Origin of the name BARBARA.
Etymology of the
Meaning of the baby name BARBARA.
A feminine form of Greek Barbaros
(q.v.), and later English form of Anglo-Saxon Barbary,
of the same origin, meaning "stranger." Usage: America,
England, Germany, Greece, Illyria, Italy.
Of the four great virgin saints
(Agnes, Barbara, Katharine, and Margaret), revered with almost
passionate affection in the Roman Catholic Church, each has been made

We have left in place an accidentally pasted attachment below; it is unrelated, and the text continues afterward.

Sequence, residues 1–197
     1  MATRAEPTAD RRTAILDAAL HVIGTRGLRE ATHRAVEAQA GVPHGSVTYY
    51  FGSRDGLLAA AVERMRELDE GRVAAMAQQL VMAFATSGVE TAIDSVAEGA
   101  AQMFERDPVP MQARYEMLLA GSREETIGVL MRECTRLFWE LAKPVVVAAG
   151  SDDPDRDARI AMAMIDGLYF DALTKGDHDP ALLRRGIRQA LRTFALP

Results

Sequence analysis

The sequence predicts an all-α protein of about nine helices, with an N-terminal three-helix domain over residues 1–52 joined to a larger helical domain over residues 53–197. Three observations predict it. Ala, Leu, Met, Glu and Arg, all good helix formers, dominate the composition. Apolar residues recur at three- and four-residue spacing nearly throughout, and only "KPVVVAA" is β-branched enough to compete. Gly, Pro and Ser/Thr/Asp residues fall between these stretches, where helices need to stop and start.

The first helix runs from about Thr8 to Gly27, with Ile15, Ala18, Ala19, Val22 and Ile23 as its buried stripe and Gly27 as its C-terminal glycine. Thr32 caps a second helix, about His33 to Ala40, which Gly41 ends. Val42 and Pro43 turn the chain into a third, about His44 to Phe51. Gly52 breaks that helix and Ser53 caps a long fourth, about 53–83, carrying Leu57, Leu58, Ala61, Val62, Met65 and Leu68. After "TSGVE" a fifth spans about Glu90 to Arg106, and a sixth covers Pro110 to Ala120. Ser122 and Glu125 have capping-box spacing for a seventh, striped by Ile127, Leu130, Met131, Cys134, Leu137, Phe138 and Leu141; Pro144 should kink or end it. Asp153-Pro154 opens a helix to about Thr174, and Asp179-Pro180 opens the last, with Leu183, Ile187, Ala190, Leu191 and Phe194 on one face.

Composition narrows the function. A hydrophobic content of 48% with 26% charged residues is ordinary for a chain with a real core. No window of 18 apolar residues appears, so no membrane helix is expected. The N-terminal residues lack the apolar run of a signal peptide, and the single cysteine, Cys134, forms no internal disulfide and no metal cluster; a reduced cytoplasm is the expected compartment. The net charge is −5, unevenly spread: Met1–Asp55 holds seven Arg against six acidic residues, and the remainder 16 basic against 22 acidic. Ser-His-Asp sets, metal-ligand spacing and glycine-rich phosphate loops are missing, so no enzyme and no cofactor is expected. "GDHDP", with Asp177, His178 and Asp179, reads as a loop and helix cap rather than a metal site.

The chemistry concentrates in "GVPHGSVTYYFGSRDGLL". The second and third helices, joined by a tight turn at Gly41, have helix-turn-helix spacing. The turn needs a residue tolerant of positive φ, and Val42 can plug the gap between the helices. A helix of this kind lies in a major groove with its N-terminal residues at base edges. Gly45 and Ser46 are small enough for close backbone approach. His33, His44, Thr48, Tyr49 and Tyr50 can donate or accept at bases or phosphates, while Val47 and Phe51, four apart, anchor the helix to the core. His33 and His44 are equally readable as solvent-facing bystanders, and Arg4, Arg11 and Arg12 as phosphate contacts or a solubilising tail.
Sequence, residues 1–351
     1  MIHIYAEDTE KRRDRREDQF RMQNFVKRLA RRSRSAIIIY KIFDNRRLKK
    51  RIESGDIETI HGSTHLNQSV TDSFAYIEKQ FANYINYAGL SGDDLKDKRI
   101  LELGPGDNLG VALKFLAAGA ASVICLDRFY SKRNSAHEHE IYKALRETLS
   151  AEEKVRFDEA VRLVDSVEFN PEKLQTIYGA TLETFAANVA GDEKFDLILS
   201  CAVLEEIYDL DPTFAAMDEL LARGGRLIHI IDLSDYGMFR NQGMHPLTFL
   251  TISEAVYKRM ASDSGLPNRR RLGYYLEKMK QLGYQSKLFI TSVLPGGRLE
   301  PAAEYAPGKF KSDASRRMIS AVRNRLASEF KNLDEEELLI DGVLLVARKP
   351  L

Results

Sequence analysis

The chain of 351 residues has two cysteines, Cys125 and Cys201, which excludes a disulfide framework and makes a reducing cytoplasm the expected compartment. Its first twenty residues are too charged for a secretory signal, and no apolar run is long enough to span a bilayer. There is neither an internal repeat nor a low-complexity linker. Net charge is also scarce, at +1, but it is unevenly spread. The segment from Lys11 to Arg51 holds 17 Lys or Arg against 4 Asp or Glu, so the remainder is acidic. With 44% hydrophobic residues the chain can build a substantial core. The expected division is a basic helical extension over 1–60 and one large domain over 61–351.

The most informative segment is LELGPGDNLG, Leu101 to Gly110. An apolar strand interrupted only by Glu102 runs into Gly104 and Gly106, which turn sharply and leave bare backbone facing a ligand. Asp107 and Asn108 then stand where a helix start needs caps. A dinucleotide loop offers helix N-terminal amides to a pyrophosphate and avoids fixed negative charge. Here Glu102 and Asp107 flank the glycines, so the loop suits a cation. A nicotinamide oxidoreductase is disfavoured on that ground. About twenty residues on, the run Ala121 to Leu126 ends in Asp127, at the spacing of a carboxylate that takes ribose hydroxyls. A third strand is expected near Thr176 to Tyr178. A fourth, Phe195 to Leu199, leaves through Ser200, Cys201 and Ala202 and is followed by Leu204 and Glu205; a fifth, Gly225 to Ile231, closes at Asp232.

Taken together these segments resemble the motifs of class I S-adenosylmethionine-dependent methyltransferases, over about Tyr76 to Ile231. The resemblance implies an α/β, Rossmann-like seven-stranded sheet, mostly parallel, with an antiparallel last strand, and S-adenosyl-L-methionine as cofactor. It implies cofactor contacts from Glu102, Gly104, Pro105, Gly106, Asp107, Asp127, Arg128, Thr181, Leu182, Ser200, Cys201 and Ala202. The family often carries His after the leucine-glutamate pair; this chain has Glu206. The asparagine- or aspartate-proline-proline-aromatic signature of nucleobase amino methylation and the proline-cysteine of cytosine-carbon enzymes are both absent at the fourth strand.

the representative of an idea. Barbara was said to be a
maiden of Heliopolis, whose Christianity was revealed by her insisting
that a bath-chamber should be built with three windows instead of two,
in honour of the chief mystery of the Creed. Her cruel father
beheaded her with his own hands, and was immediately destroyed by
thunder and lightning. Here, of course, was symbolized the
consecration of architecture and the fine arts to express religious
ideas, and St. Barbara became the patroness of architects, and thence of
engineers, and the protectress from thunder and its mimic,
artillery. The powder room in a French ship became known as la
saint Barbe. (History of Christian Names, Yonge, 1884)